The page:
As a singlet who is neurodivergent in other ways, its clear to me that this movie is going to destroy lives and put many individuals, especially minors, at risk. Neurodivergent people are already vulnerable in a society that encourages punishing children and teens for showing any signs of being mentally ill, movies like this are just going to further this abuse. This movie is very likely to be the direct reason for a Multiple child or teens death. If you support this movie in any way, you are supporting the abuse and possible murder of teens for a mental illness they cannot help, and a mental illness that, in real life, is not harmful to anyone, and is in fact formed from trauma a majority of the time. DID and other disorders that cause multiplicity are formed as a way to cope with trauma in life. Even natural systems not formed from trauma are there to help people with any potential trauma or stress they may go through.
Ableist interpretations of mental illnesses need to stop.
I am signing because the film demonises mental illness, making it something to be feared by ‘healthy’ others. This underplays the true experiences of mental illness. Many people struggle on a day to day basis to get by. That is right, they struggle! They are not something to be feared, they are people and not monsters. In a society where we are supposed to more open about mental health should we not try to destigmatise mental health? Should we not be trying to alter perceptions of the public? Should we not be teaching people with mental health difficulties that they are not a problem or a monster? Shouldn’t we encourage them to seek the help and support that they need?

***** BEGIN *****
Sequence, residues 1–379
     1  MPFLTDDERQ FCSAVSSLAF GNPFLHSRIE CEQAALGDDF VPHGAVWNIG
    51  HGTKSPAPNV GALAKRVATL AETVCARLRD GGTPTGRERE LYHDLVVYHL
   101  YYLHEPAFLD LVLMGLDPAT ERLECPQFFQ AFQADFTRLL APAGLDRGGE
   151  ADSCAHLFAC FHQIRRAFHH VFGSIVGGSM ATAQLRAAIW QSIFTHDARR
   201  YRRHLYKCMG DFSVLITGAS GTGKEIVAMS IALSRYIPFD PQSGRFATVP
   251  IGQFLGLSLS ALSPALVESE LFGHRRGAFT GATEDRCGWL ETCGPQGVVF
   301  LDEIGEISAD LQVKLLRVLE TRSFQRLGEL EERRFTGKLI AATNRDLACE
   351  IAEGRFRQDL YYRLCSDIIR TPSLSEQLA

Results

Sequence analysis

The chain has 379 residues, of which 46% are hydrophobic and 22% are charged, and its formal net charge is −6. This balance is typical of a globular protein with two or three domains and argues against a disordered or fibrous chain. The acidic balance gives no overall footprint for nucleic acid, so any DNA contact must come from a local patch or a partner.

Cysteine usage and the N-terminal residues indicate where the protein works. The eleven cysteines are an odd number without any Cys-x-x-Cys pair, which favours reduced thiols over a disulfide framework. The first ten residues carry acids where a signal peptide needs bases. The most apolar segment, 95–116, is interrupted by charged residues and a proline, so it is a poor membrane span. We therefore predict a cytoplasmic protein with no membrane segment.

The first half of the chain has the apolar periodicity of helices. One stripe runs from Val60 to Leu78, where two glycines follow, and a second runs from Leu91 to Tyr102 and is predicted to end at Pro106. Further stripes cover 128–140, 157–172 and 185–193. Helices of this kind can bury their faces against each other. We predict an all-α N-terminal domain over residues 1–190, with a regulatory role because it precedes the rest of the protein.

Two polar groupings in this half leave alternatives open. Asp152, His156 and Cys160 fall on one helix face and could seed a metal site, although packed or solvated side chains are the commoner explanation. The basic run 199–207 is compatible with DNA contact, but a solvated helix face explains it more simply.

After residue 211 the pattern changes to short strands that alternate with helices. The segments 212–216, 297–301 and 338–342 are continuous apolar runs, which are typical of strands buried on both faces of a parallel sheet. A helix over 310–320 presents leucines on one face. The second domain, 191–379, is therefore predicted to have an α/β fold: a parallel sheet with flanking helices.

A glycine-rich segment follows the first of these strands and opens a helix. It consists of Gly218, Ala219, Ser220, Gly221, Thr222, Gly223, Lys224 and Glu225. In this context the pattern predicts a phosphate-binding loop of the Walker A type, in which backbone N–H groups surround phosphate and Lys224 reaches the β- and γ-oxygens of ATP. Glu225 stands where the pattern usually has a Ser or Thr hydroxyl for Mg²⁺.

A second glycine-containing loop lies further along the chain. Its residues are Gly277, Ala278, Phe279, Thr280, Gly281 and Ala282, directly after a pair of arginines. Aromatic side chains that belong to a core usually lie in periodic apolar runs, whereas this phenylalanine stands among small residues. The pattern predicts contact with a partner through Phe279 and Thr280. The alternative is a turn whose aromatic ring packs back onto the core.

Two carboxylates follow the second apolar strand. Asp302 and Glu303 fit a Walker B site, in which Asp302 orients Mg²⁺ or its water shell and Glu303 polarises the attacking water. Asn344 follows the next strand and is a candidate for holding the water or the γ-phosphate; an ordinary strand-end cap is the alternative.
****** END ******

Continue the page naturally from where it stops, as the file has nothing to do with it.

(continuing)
Split is not just a film. Films are used as a method of communicating our cultural perceptions and ideals, and these films then further construct these perceptions. The process is cyclical. From Split it seems that we will learn nothing, instead we will step backwards in the mental health movement. Split only adds to the stigma surrounding mental health, and I am horrified.